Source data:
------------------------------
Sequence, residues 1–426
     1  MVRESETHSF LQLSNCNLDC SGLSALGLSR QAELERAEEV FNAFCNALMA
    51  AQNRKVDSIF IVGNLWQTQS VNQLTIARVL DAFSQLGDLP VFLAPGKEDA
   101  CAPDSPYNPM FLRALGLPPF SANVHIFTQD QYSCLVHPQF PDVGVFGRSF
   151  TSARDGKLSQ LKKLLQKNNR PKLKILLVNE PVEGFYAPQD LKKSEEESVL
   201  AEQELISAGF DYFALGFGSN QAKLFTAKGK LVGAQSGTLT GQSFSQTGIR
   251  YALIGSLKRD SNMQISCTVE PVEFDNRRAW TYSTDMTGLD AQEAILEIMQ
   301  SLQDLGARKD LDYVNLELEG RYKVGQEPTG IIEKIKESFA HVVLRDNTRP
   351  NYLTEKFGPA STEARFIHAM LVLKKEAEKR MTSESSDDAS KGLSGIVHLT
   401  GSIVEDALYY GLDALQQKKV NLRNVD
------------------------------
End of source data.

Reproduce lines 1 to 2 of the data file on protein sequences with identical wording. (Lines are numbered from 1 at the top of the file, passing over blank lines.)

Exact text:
Sequence, residues 1–426
     1  MVRESETHSF LQLSNCNLDC SGLSALGLSR QAELERAEEV FNAFCNALMA